Book Review: Fresh Ink by Lamar Giles
Fresh Ink: An Anthology edited by Lamar Giles
Reviewed by Kamryn Kronschnabel, Patron Services Librarian
For the past few years, I’ve participated in a year-long reading challenge where I aim to fulfill 52 different prompts with the books I pick. Sometimes they’re as specific as “a title beginning with the letter D” or as wide-open to interpretation as “a smelly book.” One prompt I tackled in the last months of 2023 was “a banned book” – of course, with as many book bans as there have been in the state of Iowa lately, I had ample pickings. (Urbandale School District banned The Handmaid’s Tale, Their Eyes Were Watching God, and The Fault in Our Stars less than a year ago, to name just a few.) I opted, however, to see what the deal was with Fresh Ink, an anthology edited by Lamar Giles, since it had caused a big stir here in 2021 and was, if not banned outright by the local school district, subjected to intense scrutiny and has since been mentioned frequently in articles on book bans in our state.
Since Fresh Ink is an anthology of short stories by so many different authors, it’s difficult to summarize the quality and collectively review it as a singular title. But in brief: it’s a good young adult book. There’s something that will speak to everyone, and if a particular story doesn’t resonate with a reader, they need only move on to the next one. There’s a story where teenage ghosts compare stories of how they died; a teen learns to cook from and come out to her grandmother; young adults come together at a comic convention in Denver, and young adults learn to live with moving away and apart in New York City. There’s a variety of themes that I think are important to discuss in today’s world, including racism, gun violence, and sexual and gender orientation. The spread included in Fresh Ink, I would say, does a fantastic job in covering a lot of ground.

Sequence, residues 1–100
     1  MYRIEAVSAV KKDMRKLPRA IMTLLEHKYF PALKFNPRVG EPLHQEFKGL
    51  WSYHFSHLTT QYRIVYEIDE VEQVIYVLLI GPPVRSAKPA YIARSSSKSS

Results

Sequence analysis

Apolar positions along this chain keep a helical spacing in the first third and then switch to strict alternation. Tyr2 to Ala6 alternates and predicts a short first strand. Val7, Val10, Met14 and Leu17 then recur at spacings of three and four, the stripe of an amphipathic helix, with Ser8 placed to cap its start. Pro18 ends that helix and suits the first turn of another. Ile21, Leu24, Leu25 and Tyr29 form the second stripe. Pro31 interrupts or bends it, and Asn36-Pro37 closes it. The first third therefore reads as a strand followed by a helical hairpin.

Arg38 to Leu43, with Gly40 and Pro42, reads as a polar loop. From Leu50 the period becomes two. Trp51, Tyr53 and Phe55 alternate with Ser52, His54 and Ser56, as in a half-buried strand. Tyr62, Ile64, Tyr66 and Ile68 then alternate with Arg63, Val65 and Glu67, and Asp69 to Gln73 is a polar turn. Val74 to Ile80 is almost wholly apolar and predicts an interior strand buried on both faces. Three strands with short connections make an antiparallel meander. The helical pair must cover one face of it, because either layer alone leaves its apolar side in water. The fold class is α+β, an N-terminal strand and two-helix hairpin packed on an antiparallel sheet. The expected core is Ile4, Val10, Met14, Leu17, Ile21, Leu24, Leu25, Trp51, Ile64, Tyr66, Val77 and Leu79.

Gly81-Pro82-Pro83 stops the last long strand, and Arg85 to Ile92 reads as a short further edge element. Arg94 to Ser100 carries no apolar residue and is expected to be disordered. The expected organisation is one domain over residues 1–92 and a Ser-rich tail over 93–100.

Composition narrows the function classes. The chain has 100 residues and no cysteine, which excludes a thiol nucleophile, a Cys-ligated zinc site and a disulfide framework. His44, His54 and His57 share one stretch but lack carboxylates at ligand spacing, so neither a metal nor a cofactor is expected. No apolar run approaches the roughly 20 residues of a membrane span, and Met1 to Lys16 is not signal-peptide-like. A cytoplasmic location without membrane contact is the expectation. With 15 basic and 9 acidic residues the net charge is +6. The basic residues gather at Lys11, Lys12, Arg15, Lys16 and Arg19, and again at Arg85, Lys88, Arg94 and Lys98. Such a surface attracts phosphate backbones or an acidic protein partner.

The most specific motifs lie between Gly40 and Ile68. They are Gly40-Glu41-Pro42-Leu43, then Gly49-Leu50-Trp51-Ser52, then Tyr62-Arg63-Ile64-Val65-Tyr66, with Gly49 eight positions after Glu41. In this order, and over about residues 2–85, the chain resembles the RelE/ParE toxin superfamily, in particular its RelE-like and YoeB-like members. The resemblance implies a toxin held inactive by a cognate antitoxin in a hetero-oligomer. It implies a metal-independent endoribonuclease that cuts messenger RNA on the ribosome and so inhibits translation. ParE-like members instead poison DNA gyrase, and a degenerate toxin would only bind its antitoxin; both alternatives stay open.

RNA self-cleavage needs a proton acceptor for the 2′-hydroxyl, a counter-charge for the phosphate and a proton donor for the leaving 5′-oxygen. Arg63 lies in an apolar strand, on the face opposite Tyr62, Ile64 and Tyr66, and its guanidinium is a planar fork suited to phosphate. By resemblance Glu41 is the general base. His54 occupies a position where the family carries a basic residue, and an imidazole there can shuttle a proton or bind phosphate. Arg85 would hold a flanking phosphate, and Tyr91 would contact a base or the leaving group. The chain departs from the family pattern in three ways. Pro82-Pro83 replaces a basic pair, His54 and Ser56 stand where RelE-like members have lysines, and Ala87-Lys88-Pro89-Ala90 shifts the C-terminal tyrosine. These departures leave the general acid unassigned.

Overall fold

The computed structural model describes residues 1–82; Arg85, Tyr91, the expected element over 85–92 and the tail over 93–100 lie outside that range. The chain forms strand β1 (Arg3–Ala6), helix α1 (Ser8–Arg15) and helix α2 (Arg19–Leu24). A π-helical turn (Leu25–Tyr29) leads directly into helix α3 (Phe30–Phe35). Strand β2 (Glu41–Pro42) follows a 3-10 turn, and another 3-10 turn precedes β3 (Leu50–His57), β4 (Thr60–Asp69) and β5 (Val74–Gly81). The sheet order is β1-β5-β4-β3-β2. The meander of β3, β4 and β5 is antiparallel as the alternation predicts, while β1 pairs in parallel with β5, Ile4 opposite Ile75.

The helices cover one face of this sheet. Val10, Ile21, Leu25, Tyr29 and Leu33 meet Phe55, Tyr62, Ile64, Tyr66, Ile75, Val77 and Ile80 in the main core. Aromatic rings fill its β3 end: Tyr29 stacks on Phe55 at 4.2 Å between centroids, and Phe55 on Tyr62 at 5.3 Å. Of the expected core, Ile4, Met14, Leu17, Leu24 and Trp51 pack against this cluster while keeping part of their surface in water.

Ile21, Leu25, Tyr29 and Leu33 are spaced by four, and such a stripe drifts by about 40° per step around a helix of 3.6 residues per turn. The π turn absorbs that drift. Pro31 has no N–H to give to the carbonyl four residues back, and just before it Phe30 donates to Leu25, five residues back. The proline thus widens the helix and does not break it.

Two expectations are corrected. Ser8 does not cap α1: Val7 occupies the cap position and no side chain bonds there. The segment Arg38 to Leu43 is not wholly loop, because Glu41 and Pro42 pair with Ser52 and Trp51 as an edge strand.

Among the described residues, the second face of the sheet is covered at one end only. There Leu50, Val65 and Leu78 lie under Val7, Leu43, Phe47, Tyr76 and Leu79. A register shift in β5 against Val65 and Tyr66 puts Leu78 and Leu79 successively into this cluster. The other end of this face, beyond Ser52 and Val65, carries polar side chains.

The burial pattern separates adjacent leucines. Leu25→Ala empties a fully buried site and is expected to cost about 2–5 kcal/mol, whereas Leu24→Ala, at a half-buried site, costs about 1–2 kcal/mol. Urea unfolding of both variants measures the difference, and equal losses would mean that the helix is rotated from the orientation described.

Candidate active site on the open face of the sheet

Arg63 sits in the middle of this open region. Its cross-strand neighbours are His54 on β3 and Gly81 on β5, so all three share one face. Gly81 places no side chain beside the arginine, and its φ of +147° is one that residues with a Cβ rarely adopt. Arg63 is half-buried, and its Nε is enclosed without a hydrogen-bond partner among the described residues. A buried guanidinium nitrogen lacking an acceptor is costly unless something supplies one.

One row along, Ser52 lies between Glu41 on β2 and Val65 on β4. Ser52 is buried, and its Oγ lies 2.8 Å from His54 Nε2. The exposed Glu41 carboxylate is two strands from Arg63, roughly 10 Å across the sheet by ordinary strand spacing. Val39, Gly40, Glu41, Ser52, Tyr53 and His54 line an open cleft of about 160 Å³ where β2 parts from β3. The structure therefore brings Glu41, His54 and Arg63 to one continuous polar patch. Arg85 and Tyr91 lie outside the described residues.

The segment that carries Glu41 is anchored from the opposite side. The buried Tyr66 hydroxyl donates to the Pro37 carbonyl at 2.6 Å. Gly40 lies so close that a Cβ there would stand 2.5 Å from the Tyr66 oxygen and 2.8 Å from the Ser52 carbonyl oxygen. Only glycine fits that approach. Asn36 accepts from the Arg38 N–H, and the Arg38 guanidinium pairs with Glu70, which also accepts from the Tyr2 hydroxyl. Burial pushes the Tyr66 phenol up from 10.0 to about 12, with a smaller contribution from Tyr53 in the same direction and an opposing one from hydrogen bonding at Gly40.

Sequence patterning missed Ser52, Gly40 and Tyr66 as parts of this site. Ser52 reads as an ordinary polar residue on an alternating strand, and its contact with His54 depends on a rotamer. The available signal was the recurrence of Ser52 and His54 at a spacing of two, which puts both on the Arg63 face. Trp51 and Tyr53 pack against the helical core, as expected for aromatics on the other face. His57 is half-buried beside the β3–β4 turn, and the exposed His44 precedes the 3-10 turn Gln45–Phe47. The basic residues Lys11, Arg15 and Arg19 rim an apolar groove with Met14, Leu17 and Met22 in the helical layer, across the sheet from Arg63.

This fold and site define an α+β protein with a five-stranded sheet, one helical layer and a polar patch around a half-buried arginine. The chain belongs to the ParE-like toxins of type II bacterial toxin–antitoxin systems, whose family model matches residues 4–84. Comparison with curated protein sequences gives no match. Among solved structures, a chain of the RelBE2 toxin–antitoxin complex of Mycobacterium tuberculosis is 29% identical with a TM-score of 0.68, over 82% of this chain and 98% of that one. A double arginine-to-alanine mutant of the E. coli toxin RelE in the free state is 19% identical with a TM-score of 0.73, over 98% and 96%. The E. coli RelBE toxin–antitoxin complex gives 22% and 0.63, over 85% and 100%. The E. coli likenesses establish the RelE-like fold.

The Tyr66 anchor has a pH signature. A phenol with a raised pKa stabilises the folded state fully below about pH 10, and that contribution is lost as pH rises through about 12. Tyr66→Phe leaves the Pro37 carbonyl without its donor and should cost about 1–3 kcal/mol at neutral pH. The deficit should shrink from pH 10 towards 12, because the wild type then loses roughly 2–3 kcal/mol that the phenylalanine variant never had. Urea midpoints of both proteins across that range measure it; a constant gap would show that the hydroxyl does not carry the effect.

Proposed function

The specific story that caused controversy in our community is Schuyler Bailar’s “Catch, Pull, Drive.” As an adult reader, I appreciated its themes and its bluntness, but I completely understand why young teens cited that its language made them uncomfortable, as there are several socially-taboo words dropped by a bully. Exposure to uncomfortable reading material can provide a safe way for both teens and adults to grow in empathy and better understand social issues, but I encourage parents and teens to read it on their own time before expressing opinions on it regardless, as I would with any book or story.
If you’re intrigued by Fresh Ink, it’s available to check out in the young adult section of Charles City Public Library’s physical collection. Call us to reserve our print copy at 641-257-6319.